The Night Riviera Sleeper Train to Cornwall departs Paddington just before midnight and arrives in Truro at 7am the next morning – ideal for a long weekend of camping and surfing.
Once aboard the train we headed to the Dining Car for our complimentary tea and coffee, before bedding down in our cabin bunks. Our sleeper carriage attendant Jamie woke us with croissants and coffee at 6:30am.
We picked up our rental car and made a beeline for Watergate Bay, where the Watergate Bay Hotel offers coffee and a fantastic view of the crashing surf from their wicker furnished terrace. Watching one lone surfer on the waves, we decided to take some of the action, hiring boards from the friendly team at Extreme Academy right on the beach.
Post surf the tide had dropped significantly and exposed Watergate Bay’s massive sandy expanse, we spent what remained of the morning lounging on rocks and browsing pools for crabs before heading south. In Perranporth we found the Willow Bistro and shared voluminous bowls of salad, and mind altering mackerel.
Alena exploring Watergate Bay wrapped in her Pendleton Jacquard Beach Towel
We set up camp at the fantastically located Beacon Cottage Farm Holidays, where our pitch was just right for the Poler Stuff Two Man Tent, the little car and a Primus-fuelled kitchen set up. Poler’s tents go up quick and easy and before long we were searching for a pub.
Beacon Cottage Farm is hidden from the village of St Agnes by Beacon Hill, a high point of heather and gorse from which a lookout sent warning signals to nearby towns during the Napoleonic wars. Forty minutes of skirting the hill by foot leads to the village centre where the St Agnes Hotel and a myriad of other pubs serve booze and food. On our way back to the campsite we admired the sun as it faded over the Atlantic from Beacon Hill’s peak.
On Friday we woke to the sound of rain on canvas – one of the simple joys of camping in the UK. We made coffee in fog and drizzle, utilising the tent’s porch for shelter.
The shape of the Cornish peninsula produces several odd climatological phenomena and when the north coast is shrouded in clouds and mist, the south is often basking in the sun and vice versa. Bearing this in mind we left St Agnes behind and headed for Falmouth in search of sunshine and pasties.
We found not only the finest pasties in all of Kernow at Oggy Oggy on the High Street, but also, nestled in the woodland below Pendennis Castle, an excellent rope swing. After fish and chips and beer out the front of The Chain Locker, we headed back to our misty north coast encampment.
I’ve never heard of sea trout before but I’m glad the fishmonger recommended it to us. Fried over the the Primus Miner Stove with garlic, red onion and button mushrooms it made a killer topping for tagliatelle, similar to salmon but with added juice and oils.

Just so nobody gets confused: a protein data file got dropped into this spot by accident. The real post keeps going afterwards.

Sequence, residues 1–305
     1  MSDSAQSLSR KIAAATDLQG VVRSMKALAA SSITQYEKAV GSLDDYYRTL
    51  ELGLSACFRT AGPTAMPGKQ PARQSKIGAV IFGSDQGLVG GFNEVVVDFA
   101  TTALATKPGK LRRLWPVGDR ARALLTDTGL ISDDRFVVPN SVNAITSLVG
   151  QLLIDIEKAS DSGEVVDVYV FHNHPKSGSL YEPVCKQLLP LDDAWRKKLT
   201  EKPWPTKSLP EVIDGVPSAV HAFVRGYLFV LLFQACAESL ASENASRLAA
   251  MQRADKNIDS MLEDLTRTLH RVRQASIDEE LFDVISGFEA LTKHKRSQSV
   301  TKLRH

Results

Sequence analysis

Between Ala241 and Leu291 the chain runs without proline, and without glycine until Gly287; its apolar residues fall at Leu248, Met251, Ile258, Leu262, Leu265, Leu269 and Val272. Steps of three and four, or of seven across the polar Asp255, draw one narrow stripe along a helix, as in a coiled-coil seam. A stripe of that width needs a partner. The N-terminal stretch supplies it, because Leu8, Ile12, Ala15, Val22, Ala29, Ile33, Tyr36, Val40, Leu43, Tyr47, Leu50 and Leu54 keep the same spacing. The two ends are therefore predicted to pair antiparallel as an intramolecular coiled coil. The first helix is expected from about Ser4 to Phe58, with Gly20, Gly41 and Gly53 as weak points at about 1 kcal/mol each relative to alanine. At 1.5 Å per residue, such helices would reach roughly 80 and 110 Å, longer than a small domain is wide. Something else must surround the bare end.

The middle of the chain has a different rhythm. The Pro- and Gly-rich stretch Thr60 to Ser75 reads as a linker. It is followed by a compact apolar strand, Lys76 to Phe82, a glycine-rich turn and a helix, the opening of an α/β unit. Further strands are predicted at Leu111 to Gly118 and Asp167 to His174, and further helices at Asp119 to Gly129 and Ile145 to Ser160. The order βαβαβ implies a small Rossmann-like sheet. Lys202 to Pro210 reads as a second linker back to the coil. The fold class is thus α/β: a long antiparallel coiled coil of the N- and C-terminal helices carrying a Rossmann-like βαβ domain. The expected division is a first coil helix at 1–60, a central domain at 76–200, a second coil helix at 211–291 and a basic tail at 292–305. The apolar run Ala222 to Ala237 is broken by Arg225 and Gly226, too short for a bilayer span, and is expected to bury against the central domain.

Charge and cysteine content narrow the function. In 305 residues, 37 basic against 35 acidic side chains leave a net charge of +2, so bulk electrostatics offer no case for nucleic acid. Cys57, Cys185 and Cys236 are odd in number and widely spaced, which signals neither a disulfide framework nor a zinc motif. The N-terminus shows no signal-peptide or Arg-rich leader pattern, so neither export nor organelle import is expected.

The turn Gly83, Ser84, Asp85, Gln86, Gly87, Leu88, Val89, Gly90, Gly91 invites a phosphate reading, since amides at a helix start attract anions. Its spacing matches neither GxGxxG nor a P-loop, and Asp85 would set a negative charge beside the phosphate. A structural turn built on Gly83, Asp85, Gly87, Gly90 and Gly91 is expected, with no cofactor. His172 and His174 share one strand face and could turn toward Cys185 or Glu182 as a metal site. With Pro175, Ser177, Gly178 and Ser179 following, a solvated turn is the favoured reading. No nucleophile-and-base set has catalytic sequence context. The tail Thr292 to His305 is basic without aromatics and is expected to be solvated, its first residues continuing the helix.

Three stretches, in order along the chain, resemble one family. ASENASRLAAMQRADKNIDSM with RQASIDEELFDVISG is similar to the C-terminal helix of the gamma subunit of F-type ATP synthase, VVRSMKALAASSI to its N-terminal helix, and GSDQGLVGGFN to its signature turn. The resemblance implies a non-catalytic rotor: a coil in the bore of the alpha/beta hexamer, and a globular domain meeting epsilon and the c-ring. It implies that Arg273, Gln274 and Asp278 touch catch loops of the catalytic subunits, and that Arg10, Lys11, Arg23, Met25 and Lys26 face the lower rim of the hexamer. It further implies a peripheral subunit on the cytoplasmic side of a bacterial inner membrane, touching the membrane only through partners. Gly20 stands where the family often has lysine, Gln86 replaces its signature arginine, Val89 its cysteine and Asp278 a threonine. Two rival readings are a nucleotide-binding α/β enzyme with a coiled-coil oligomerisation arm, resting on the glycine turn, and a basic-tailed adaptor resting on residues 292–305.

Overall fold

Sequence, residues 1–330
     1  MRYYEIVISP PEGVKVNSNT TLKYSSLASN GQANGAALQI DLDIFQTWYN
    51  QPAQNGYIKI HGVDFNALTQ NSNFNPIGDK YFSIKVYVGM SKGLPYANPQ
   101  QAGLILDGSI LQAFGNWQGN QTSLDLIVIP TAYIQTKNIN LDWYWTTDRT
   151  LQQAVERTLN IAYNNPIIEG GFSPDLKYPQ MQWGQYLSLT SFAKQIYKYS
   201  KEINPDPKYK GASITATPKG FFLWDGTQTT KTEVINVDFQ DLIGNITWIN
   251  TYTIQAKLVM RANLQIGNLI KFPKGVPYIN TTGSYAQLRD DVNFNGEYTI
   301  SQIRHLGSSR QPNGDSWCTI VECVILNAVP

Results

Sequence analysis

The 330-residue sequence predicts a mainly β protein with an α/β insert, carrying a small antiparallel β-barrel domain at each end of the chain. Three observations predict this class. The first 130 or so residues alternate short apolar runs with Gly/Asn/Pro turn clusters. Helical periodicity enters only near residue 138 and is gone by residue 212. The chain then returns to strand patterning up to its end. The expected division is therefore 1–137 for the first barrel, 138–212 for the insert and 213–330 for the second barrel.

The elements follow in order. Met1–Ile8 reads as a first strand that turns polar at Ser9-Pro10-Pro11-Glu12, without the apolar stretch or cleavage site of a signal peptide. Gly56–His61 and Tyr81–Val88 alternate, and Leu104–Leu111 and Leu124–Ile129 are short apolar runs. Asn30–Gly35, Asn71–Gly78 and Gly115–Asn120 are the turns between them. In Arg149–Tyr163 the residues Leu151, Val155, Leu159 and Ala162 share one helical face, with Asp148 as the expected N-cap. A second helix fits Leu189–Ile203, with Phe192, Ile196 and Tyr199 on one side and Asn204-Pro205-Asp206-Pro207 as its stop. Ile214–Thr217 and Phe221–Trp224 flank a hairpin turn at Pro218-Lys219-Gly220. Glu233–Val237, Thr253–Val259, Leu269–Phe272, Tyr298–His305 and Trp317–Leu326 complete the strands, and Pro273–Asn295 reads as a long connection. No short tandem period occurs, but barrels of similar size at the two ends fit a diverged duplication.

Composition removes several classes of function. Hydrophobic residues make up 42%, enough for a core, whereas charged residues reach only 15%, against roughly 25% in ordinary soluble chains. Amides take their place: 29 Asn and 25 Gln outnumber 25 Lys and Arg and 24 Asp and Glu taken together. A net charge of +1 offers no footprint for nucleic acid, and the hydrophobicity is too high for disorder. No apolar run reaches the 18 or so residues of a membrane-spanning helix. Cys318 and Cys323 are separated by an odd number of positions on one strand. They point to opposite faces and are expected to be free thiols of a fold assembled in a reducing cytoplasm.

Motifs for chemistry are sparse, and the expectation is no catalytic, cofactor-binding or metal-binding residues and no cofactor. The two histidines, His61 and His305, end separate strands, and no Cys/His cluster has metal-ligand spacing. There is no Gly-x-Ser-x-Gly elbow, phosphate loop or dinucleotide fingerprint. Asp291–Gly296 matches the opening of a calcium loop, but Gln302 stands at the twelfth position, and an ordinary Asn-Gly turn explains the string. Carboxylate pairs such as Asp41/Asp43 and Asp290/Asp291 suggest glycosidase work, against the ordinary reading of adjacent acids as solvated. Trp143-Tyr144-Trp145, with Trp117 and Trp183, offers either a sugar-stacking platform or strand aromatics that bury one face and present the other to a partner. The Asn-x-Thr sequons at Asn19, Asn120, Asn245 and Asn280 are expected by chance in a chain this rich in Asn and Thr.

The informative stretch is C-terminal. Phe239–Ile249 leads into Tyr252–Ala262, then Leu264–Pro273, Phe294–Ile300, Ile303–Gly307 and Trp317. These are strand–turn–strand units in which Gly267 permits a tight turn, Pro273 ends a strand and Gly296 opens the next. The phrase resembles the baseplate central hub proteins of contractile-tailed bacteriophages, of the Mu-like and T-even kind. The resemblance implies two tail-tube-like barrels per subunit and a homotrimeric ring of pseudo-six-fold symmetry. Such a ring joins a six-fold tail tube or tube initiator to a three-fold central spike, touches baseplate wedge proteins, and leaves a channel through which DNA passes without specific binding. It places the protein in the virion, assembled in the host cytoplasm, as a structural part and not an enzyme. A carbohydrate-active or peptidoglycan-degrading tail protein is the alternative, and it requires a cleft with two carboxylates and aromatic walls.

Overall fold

Cooking up some Sea Trout Tagliatelle with the Primus Mimer Stove Kit
On Saturday we woke to similarly wet and hazy weather and decided it would provide the perfect atmosphere for exploring the coast path as it flanks Beacon Cottage. In the murk we discovered the remains of old tin mines and the tiny picturesque cove of Chapel Porth.
Twenty minutes drive west along the south coast leads to Godrevy, a National Trust outpost on the far side of St Ives bay, where dunes and heathland back a massive expanse of sandy beach. Adding to our experience of odd Cornish weather events, unlike the St Agnes and Chapel Porth, Godrevy and Gwithian were enjoying a glorious early summer’s day.
The view from Godrevy across Gwithian Beach and St Ives Bay
Small but clean peeling waves broke uniformly on the mid tide, and we hired boards from the excellent Shore Surf School and had a really fun few hours, scoring plenty of fun but short rides. It had been over 15 years since I’d surfed in Cornwall and had completely forgotten the clear crystal water sparkled such intense turquoise in the sun. Post surf we had local ice cream from the Godrevy Beach Café, huddled together in my Pendleton massive beach towel.
That evening, zonked from spending the day in the sun we decided to forgo our camp stove cooking escapades and seek sustenance elsewhere, choosing the window stools of The Cornish Pizza Company, perfectly filling and nutritious after a day surfing and exploring in the sun. After a pint at the rickety wonky little Railway Inn, we wandered back to the tent in the darkness.
Half an hour down the coast from St Agnes lies the bustling little tourist metropole of St Ives, which seemed like the perfect place to spend Sunday. Our main motive for visiting was Tate St Ives and their Images Moving Out Onto Space exhibition, with work from Bridget Riley, Dan Flavin and amongst others my favourites John Divola and Bryan Winter, both of whom had their work installed in the curved gallery where a massive circular window looks out onto the mist clouded Porthmeor Beach, making it an epic but peaceful space.
Looking out over Porthmeor Beach from the window of Tate St Ives‘ curved gallery
We ate some super tasty chowder the Beach Comber Cafe and left St Ives to explore some of the villages and coastal paths further down the peninsula, finding a mystical landscape around Zennor.
Keeping warm and dry with Patagonia Torrentshells in the mists of Zennor’s coastal path
Resigned to the fact our trip was coming to end, we headed to Truro Tandoori for a feast before we climbed back aboard the Night Riviera back to Paddington.